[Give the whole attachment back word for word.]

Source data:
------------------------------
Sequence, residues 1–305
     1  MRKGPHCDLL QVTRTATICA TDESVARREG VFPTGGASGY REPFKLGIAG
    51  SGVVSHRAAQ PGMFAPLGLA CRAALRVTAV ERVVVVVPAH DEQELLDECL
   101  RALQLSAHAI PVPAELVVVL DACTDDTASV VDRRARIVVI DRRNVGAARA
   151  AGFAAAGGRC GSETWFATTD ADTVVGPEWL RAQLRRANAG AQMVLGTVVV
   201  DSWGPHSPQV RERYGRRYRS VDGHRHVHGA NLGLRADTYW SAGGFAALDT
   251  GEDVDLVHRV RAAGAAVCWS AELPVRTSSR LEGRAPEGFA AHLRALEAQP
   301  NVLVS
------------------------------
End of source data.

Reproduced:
Sequence, residues 1–305
     1  MRKGPHCDLL QVTRTATICA TDESVARREG VFPTGGASGY REPFKLGIAG
    51  SGVVSHRAAQ PGMFAPLGLA CRAALRVTAV ERVVVVVPAH DEQELLDECL
   101  RALQLSAHAI PVPAELVVVL DACTDDTASV VDRRARIVVI DRRNVGAARA
   151  AGFAAAGGRC GSETWFATTD ADTVVGPEWL RAQLRRANAG AQMVLGTVVV
   201  DSWGPHSPQV RERYGRRYRS VDGHRHVHGA NLGLRADTYW SAGGFAALDT
   251  GEDVDLVHRV RAAGAAVCWS AELPVRTSSR LEGRAPEGFA AHLRALEAQP
   301  NVLVS